From the Campbell Patch
February 7, 2019
SAN JOSE, CA –Heads up Santa Clara County residents. The Vector Control District has started its annual program Thursday to prevent the onslaught of mosquitoes — specifically the winter salt marsh mosquito (Aedes squamiger).
This marsh mosquito lays its eggs in the moist soil in late spring and early summer. The eggs may lay dormant for years, even after flooding such as the those the South Bay has already experienced in 2019.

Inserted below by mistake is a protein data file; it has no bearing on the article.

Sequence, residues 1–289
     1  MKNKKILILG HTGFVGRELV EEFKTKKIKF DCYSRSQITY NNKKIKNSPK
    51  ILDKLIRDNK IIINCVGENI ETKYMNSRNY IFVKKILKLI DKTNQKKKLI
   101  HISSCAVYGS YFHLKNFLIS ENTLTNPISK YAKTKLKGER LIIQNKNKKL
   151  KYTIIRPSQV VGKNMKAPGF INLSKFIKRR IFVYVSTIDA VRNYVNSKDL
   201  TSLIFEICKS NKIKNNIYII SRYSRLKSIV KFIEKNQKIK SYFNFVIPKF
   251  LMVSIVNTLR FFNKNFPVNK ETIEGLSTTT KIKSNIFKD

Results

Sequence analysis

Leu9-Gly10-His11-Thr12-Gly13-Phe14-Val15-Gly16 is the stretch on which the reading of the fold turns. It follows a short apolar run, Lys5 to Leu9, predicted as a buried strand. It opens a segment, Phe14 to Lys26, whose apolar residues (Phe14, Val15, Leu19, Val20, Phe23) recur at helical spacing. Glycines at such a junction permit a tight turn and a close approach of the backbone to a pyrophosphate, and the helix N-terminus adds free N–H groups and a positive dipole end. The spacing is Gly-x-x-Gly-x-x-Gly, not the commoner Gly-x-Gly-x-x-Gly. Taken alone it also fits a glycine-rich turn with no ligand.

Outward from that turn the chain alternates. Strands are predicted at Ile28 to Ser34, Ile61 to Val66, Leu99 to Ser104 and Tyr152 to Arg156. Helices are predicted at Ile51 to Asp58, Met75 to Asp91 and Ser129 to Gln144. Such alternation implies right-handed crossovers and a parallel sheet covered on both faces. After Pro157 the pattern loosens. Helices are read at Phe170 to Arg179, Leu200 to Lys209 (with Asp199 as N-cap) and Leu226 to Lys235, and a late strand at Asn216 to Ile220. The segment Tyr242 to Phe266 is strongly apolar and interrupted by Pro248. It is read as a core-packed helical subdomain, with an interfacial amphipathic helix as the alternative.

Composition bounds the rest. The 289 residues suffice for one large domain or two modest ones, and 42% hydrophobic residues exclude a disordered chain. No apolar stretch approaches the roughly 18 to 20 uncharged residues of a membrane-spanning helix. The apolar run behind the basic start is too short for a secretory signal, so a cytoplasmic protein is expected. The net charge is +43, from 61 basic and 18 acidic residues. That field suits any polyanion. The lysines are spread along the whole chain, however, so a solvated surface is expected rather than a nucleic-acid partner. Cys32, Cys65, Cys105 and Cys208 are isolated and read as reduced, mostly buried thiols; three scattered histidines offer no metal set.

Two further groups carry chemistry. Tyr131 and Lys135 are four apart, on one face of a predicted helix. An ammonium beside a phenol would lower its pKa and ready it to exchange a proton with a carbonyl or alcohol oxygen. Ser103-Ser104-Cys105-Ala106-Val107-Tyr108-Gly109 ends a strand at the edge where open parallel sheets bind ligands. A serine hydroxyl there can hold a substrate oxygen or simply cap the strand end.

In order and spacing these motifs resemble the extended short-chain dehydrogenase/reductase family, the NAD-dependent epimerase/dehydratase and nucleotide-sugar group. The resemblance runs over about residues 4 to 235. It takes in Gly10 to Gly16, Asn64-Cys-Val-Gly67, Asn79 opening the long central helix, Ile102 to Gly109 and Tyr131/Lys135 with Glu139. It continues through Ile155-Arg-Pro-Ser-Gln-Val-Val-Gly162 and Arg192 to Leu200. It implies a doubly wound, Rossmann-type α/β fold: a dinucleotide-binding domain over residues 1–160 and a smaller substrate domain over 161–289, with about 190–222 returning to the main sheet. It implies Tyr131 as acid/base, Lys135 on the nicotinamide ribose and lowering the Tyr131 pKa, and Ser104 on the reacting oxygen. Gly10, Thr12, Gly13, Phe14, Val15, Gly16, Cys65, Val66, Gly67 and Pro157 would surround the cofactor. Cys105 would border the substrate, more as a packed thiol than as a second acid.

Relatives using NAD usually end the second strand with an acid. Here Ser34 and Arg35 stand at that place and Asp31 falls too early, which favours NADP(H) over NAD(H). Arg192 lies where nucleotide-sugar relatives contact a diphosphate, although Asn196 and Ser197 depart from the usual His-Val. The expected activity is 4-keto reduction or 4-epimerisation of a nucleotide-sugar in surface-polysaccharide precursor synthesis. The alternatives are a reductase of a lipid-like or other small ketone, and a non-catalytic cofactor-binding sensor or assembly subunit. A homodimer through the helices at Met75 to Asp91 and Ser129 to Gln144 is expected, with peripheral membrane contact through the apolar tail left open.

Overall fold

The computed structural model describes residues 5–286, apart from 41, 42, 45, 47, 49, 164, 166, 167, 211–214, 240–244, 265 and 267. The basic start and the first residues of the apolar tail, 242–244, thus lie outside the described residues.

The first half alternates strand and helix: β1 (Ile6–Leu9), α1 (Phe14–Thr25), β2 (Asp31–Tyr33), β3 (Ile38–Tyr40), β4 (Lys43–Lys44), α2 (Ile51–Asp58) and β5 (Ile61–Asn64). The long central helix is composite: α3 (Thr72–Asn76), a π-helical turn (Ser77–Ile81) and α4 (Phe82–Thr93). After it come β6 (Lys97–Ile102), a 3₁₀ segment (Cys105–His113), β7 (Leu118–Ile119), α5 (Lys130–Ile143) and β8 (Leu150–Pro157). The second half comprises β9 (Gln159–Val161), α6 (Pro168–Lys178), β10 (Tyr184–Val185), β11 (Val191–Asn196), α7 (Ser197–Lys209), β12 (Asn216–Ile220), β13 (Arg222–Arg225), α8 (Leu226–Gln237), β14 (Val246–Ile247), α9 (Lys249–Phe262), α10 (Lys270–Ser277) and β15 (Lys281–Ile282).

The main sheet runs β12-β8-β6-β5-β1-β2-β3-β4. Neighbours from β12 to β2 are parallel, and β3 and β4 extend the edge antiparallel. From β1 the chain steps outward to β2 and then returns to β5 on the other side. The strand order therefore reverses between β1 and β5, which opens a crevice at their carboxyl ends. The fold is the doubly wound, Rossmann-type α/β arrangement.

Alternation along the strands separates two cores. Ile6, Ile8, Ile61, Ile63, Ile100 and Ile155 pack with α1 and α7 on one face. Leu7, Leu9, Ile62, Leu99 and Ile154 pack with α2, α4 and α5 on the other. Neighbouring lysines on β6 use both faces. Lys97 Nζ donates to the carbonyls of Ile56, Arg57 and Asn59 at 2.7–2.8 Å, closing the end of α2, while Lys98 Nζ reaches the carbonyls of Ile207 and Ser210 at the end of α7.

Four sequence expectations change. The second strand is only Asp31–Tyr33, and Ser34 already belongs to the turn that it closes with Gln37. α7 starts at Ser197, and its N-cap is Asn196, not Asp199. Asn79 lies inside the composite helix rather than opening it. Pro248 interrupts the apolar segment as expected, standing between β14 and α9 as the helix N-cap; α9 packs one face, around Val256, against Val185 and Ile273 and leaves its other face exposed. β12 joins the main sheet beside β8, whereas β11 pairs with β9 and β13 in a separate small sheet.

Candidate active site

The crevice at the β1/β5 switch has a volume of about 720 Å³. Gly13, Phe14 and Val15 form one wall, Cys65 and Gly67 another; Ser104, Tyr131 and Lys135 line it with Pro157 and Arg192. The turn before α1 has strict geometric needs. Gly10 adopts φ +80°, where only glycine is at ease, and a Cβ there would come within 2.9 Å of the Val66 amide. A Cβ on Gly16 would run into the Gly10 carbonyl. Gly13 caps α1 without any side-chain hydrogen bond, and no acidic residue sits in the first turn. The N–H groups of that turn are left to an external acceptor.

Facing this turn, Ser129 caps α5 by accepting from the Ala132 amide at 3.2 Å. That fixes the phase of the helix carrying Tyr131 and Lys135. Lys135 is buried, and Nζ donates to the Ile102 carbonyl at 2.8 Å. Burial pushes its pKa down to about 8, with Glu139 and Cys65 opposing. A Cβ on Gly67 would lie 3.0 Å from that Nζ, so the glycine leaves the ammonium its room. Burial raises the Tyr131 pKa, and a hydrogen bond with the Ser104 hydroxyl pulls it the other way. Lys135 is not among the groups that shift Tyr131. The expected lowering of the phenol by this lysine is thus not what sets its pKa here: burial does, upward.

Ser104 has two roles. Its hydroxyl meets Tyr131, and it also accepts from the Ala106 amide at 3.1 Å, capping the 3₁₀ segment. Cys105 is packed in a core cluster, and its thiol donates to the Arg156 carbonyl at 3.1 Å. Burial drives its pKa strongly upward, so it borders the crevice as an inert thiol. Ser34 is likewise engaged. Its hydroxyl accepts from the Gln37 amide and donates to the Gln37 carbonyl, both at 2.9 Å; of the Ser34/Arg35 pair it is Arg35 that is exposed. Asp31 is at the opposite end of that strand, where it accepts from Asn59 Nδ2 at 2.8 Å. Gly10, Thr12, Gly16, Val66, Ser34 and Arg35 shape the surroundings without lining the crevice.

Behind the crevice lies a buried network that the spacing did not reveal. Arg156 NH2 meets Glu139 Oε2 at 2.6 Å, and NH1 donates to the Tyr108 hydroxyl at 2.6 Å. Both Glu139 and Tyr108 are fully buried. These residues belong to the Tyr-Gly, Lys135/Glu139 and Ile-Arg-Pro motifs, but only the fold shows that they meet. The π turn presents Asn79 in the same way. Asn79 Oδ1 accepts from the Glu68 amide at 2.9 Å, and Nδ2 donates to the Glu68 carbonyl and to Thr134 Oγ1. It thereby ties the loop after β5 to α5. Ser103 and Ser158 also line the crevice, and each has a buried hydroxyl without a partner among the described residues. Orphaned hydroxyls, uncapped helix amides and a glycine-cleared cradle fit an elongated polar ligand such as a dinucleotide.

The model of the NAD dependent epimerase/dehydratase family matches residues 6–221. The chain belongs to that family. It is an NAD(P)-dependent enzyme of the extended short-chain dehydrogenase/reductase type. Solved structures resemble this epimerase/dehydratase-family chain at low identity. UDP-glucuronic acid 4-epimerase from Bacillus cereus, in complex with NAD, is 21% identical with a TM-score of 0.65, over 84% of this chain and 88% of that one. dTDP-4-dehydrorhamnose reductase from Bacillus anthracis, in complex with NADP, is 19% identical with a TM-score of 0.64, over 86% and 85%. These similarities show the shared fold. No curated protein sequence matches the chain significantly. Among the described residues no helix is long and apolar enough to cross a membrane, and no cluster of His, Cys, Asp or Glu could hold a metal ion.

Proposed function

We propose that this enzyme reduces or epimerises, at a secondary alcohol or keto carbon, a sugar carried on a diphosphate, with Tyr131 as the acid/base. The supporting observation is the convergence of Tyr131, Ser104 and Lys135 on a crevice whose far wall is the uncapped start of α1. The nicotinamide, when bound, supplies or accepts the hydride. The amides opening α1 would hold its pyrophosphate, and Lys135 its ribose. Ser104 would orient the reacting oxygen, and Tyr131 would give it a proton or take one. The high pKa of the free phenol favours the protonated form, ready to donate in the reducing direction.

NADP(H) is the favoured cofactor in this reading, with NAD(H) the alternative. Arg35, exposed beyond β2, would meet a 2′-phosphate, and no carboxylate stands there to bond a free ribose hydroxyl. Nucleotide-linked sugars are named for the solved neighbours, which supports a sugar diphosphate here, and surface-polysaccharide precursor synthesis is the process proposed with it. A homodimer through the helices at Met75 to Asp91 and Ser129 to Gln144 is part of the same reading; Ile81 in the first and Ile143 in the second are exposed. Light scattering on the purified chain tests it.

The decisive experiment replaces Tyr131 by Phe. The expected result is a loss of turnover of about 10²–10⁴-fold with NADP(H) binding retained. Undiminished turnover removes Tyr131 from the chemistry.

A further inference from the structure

The specified treatment used to eliminate them has been safely and effectively used by the county every year since 1992.
The district has been closely monitoring the development of mosquito larvae in the areas to be treated. Current conditions create a high probability that a significant number of salt marsh mosquitoes will become adults in mid-February to mid-March, if left untreated. This species is known to bite viciously during the day and easily mobilize. It can fly more than 15 miles from its breeding grounds to feed on humans and other mammals.